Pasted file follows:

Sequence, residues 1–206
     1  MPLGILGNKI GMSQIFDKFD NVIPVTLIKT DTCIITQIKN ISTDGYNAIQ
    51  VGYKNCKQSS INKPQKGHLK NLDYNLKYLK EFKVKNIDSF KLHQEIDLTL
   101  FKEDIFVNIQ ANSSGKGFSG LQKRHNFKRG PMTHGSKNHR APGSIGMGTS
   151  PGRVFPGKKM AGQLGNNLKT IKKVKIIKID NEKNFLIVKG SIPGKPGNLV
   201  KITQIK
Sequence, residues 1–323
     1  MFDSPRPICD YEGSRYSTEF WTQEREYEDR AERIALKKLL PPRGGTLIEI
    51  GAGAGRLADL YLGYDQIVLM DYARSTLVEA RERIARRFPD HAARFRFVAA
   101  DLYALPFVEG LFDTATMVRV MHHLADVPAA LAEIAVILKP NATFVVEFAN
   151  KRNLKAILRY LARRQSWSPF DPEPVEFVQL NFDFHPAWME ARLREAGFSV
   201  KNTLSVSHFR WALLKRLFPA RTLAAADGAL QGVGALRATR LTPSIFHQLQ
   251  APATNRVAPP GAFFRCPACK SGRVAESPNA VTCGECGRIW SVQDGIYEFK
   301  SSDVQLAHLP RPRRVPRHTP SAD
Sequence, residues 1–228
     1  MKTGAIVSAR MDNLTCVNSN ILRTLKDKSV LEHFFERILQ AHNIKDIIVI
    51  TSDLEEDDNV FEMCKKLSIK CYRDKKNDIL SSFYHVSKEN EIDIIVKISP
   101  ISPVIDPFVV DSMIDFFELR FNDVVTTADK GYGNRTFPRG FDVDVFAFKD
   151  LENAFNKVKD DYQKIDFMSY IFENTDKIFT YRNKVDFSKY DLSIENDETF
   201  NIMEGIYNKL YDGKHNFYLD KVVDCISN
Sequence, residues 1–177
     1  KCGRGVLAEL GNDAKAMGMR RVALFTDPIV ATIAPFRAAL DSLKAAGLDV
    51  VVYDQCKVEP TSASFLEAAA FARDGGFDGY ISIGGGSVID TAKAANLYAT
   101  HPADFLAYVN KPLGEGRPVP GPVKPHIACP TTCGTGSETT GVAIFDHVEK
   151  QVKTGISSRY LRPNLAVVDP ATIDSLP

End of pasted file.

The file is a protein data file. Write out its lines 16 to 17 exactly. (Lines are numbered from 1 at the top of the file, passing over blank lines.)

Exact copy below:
     1  MKTGAIVSAR MDNLTCVNSN ILRTLKDKSV LEHFFERILQ AHNIKDIIVI
    51  TSDLEEDDNV FEMCKKLSIK CYRDKKNDIL SSFYHVSKEN EIDIIVKISP